- Supply Disruptions: Because a significant portion of global supplies come from South America, supply disruptions in the region can have a major bearing on global prices. Strikes at major copper producing mines are relatively common, and natural disasters—such as earthquakes or landslides—occur from time to time as well.
- Use of Substitutes: Technological advancements have made possible substitution of cheaper metals for copper in certain applications. For example, aluminum now substitutes for copper in power cables, electrical equipment, automobile radiators, and cooling and refrigeration tube, while titanium and steel are used in heat exchangers. To the extent that additional substitutes are developed for roles traditionally performed by copper, there could be downward pressure on prices.
Investing In Copper
Copper has appeal as an investable asset for several reasons. First, the metal tends to correlate to economic expansion in emerging markets, where ongoing urbanization has resulted in increased demand for raw materials. Copper also has potential to act as an inflation hedge, appreciating in value when prices broadly rise.
Options for investing in physical copper are limited, simply because the relatively low value-to-weight ratio of the metal requires significant storage space for any amount of copper that has a material value. Prior to 1982, pennies were made of 95% copper. That prompted some to melt down the currency when copper prices rose to the point that the materials used to make the coin were more valuable than the coin itself. Since 1982, pennies have been made from a mixture of zinc and copper. And under a law passed in 2006 it is illegal to melt coin currency, with violators facing up to five years in prison and $10,000 in fines.
There are also exchange-traded products offering exposure to physical copper. The ETF Securities Physical Copper ETF, which trades on the London Stock Exchange under the ticker PHCU, is backed by physical metal stored at London Metal Exchange warehouses, the ownership of which is evidenced by LME warrants or warehouse receipts.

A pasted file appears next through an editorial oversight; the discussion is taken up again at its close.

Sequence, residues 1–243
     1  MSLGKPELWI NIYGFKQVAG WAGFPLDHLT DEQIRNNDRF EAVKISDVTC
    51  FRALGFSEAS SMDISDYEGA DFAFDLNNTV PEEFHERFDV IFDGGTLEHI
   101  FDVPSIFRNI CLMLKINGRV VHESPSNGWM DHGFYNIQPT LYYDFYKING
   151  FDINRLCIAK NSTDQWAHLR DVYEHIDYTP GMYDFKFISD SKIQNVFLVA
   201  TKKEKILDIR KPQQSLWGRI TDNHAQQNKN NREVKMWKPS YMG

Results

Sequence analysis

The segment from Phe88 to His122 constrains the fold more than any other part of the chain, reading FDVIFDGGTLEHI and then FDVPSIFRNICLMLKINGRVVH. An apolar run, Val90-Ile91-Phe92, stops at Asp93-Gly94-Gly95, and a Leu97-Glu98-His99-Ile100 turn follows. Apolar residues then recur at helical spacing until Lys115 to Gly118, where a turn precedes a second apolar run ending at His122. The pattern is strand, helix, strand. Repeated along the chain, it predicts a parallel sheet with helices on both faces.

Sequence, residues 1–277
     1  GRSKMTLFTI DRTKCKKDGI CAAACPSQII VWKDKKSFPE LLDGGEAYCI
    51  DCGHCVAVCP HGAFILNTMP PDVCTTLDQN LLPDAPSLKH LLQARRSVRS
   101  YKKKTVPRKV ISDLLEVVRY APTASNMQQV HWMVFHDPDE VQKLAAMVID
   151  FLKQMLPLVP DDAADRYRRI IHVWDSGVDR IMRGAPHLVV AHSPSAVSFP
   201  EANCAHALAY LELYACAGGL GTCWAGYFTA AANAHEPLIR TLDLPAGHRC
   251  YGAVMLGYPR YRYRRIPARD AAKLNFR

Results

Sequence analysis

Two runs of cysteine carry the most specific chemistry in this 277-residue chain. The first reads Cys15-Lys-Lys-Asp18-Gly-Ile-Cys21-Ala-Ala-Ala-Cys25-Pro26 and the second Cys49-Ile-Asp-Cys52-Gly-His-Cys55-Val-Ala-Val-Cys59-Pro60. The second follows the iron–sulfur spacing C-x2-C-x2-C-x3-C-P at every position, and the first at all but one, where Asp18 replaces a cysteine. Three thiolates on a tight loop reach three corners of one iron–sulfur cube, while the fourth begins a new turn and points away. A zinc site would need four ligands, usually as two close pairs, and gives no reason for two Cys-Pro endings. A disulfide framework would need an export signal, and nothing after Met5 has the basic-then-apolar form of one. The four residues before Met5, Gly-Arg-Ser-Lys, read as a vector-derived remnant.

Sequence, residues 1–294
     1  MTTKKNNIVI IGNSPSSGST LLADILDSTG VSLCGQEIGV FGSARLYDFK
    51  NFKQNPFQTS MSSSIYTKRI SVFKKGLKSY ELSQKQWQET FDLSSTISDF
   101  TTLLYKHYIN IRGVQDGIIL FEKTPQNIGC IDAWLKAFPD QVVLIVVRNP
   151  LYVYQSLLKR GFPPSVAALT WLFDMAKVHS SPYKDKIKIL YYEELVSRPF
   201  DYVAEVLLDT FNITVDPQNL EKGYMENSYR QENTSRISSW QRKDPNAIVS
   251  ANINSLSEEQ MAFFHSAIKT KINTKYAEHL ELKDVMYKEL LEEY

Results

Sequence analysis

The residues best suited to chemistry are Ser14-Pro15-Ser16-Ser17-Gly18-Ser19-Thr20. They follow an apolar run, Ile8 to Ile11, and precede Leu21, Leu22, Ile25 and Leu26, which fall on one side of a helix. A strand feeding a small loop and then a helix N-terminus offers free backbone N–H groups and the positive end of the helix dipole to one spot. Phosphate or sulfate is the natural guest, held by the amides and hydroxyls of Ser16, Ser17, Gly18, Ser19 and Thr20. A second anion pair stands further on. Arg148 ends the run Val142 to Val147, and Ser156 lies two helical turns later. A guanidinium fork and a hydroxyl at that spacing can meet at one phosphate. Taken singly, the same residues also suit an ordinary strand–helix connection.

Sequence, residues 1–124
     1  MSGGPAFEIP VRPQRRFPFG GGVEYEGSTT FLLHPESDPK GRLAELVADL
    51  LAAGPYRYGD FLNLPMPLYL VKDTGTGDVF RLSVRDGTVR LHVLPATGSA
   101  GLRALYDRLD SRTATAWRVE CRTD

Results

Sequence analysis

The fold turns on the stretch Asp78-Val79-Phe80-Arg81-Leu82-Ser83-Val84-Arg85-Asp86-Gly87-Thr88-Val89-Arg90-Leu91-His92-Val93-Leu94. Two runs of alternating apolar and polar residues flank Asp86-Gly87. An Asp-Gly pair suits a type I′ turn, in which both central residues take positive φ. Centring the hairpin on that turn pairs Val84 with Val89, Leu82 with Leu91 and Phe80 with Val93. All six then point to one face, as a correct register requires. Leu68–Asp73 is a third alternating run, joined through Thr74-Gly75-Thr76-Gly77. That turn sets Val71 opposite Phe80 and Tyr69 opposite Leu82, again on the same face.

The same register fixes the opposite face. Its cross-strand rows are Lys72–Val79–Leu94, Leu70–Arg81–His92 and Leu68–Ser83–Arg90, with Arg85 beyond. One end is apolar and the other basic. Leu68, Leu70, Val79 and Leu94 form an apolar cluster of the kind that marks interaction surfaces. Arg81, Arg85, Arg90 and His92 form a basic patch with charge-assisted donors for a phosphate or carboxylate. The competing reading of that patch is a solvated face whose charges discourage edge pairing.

Copper futures are traded on the Chicago Mercantile Exchange, with contracts prices in cents per pound and each contract representing 25,000 pounds. Listed contracts include those for delivery during the current calendar month, the next 23 calendar months, and any March, May, July, September, and December falling within a 60-month period beginning with the current month. Delivery may take place on any business day beginning on the first business day of the delivery month or any subsequent business day of the delivery month, but not later than the last business day of the current delivery month.
Trading terminates on the third-to-last business day of the delivery month. Trading at settlement is allowed in the active contract months of March, May, July, September, and December.
Copper futures are subject to NYMEX position limits.
Investors can also obtain exposure to copper by purchasing stocks of companies that are engaged in extracting and selling the metal. Like most companies, the profitability of copper miners depends on the prevailing market price for the products they sell. As such, mining companies tend to realize higher profits when natural resource prices are elevated—especially if significant portions of the cost structure are fixed in nature. Mining stocks tend to trade as a leveraged play on the underlying resource, meaning that the movements in price are often more significant than changes in the related commodity over the short term.
Many of the largest mining companies are engaged in the extraction of a variety of resources, including various precious and base metals. There are, however, a number of “pure play” mining companies and firms whose primary focus is copper:
- First Quantum Minerals (TSX: FM)
- KGHM Polska Miedz (PW: KGH)
- Lundin Mining Corp
[see the holdings of the Global X Copper Miners ETF for a more detailed list of copper miners]
There are multiple ETFs offering exposure to copper as well, including both funds that invest in futures contracts and funds that invest in stocks of copper miners. The iPath Dow Jones-UBS Copper ETN (JJC) is linked to an index comprised of copper futures, and charges an expense ratio of 0.75%. For exposure to copper miners, there are two ETF options:
- Global X Copper Miners ETF (COPX)
- First Trust ISE Global Copper Miners ETF (CU)
As mentioned above, the Andean nations of South America are among the largest producers of copper. As such, while the economies of these countries have become increasingly diversified in recent years, there is still a link between prices of copper and economic strength. As such, the following country-specific and region-specific ETFs may also be impacted by the price of copper:
- iShares MSCI Peru Index Fund (EPU)
- iShares MSCI Chile Index Fund (ECH)
Resources On Copper Investing: